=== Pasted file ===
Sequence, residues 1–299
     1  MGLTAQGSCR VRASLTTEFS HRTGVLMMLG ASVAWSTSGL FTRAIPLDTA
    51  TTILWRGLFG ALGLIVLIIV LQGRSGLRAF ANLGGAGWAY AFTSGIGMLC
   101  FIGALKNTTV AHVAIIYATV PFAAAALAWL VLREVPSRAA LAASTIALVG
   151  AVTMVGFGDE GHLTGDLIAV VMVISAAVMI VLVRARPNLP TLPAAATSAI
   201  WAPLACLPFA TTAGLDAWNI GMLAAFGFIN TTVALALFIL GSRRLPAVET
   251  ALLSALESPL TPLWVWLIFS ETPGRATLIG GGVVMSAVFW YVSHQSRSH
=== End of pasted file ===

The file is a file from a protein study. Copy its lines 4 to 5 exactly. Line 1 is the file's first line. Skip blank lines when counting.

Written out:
   101  FIGALKNTTV AHVAIIYATV PFAAAALAWL VLREVPSRAA LAASTIALVG
   151  AVTMVGFGDE GHLTGDLIAV VMVISAAVMI VLVRARPNLP TLPAAATSAI